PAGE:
Masters in Finance Alternatives to Consider

By - Dec 6, 06:30 AM Comments [0]

MFin Alternatives to Consider

For some people, it’s the Masters in Finance (MFin or MSF), period. It’s the right type of program at the right time. Yet, the MFin has some overlaps and similarities with several other types of masters programs, and some people’s educational needs may be met by more than one type. In fact, I’ve known and worked with such applicants. Also, before you commit the time, energy, and money into applying to an MFin program, it’s wise to examine all the options to confirm it really is the best fit.

All that said: the program categories are not rigid. For example, Princeton and MIT’s Masters in Finance programs would fit as well if not better in the first category below (Heavy Quant Programs) than with other MFin programs. And many MBA programs have a concentration in some type of analytics and of course finance.

I’ll summarize the related programs below. You might conclude that indeed only the MFin is right for you. Or you might be surprised at an appealing option you hadn’t considered!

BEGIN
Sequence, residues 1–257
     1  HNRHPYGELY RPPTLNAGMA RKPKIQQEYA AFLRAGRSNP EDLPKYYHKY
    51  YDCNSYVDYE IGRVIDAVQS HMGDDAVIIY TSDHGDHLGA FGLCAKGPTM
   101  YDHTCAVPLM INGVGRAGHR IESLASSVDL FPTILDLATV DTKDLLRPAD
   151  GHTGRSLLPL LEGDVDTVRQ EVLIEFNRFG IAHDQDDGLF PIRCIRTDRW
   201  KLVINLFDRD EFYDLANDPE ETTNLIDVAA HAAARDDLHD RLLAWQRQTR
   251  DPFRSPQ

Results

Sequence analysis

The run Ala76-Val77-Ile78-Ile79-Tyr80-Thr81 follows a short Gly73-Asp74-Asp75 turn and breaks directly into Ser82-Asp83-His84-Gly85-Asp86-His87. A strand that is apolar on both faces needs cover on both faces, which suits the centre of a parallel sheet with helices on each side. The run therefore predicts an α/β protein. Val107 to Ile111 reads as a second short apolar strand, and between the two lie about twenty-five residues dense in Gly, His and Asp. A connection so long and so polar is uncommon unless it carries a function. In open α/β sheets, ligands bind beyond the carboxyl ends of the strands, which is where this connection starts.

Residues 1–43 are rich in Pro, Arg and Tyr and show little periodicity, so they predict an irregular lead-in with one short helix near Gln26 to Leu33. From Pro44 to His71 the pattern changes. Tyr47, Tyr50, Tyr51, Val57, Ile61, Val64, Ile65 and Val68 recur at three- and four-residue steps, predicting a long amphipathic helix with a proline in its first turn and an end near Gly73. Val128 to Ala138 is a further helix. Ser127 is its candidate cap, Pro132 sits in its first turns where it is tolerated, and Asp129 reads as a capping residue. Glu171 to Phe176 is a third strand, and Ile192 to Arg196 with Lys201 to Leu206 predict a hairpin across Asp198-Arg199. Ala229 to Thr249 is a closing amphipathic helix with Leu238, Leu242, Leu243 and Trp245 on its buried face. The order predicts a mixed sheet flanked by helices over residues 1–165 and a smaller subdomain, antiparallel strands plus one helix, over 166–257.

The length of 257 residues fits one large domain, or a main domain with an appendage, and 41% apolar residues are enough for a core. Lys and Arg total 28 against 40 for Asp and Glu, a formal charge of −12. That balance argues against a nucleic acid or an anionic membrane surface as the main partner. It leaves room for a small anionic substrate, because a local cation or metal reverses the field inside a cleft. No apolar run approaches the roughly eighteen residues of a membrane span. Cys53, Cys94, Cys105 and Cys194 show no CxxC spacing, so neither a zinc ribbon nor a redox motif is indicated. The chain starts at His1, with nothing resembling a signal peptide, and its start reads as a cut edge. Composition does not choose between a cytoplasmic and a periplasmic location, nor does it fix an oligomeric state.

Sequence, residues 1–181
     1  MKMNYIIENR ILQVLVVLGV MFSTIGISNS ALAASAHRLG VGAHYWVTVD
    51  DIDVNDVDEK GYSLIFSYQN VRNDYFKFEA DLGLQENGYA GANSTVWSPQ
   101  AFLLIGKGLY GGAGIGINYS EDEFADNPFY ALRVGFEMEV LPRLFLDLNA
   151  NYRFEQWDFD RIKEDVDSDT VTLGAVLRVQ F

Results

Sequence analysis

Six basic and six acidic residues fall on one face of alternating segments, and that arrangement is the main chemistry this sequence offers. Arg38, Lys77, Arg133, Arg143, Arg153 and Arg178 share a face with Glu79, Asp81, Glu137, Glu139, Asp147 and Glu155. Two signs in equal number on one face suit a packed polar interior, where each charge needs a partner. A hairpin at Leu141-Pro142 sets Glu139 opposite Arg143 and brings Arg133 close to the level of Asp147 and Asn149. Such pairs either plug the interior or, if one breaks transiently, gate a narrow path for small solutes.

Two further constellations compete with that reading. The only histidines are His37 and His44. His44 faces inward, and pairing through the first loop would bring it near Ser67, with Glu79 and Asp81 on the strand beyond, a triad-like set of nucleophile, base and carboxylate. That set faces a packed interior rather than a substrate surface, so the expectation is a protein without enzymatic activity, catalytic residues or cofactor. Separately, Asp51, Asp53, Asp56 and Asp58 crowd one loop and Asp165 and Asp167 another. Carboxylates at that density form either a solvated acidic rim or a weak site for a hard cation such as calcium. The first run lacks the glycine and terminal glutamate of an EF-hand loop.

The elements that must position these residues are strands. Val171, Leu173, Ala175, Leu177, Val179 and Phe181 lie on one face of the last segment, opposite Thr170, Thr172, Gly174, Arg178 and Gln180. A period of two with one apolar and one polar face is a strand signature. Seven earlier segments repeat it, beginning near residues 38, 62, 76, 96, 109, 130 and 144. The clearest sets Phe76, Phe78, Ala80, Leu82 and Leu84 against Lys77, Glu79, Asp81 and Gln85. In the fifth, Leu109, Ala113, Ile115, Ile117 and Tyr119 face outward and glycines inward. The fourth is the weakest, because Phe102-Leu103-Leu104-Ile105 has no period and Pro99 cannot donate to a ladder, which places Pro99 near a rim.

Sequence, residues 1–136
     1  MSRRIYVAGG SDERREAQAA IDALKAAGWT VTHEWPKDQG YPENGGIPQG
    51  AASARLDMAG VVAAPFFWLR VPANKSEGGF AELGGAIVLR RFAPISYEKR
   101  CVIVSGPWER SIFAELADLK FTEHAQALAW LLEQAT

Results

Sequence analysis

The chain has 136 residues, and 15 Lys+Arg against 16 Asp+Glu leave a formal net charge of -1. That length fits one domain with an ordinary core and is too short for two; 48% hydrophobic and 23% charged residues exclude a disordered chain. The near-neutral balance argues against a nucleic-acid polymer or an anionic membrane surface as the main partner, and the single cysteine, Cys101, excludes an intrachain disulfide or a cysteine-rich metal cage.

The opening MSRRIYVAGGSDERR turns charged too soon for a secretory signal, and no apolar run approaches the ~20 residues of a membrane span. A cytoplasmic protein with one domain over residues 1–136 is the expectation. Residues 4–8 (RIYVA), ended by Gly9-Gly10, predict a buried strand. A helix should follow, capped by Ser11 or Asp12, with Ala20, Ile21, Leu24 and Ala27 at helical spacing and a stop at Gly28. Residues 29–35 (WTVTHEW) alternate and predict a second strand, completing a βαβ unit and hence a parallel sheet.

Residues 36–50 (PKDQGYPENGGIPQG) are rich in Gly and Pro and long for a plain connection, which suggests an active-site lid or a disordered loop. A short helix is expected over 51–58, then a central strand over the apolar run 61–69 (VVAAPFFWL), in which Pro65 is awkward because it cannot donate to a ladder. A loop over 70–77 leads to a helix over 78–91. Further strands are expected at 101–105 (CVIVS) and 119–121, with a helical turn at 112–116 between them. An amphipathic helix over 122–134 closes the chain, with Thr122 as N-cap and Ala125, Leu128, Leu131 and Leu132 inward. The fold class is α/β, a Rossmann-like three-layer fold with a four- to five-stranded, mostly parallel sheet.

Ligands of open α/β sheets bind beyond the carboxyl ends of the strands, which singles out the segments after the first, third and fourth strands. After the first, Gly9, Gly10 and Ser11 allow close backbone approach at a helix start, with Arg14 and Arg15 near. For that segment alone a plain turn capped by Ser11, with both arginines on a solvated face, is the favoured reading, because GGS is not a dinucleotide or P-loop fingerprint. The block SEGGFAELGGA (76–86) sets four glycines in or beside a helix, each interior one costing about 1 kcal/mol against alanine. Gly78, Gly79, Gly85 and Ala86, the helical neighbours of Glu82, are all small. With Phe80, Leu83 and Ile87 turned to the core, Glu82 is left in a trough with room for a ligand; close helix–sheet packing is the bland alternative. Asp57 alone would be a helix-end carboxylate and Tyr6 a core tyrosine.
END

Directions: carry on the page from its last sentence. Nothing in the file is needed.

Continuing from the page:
1. Heavy Quant Programs: Masters in Financial Engineering, Masters in Quantitative Finance, Master’s in Computational Finance, Financial Mathematics, etc.

    Like the MFin, these programs are often for early career people, but many span a somewhat wider range. The curriculums are obviously highly rigorous in quantitative and analytic dimensions. Usually, the application requirements include extensive mathematics coursework as well as strong programming skills. For the “top 20” such programs, the GRE quant score averages 168+. If you are interested in such programs, check each program’s specific requirements regarding experience level and quant/programming background.

    Consider this type of program if:

    • You want a swift entry ramp to a finance career that is quant-based, which could be anything from algorithmic trading to portfolio management to quantitative research and more.

    • You enjoy the intensive quant focus and have the math chops to handle it without getting overly stressed.

  2. Analytics Programs: Masters in Business Analytics, Masters in Data Analytics, M.S. in Analytics, etc.